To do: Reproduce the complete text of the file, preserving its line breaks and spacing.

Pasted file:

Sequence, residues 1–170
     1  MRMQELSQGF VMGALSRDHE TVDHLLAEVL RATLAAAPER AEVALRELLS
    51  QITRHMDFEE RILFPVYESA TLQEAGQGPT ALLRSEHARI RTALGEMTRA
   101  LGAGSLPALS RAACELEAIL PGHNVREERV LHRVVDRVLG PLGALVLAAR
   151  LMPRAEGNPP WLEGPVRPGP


Sequence, residues 1–170
     1  MRMQELSQGF VMGALSRDHE TVDHLLAEVL RATLAAAPER AEVALRELLS
    51  QITRHMDFEE RILFPVYESA TLQEAGQGPT ALLRSEHARI RTALGEMTRA
   101  LGAGSLPALS RAACELEAIL PGHNVREERV LHRVVDRVLG PLGALVLAAR
   151  LMPRAEGNPP WLEGPVRPGP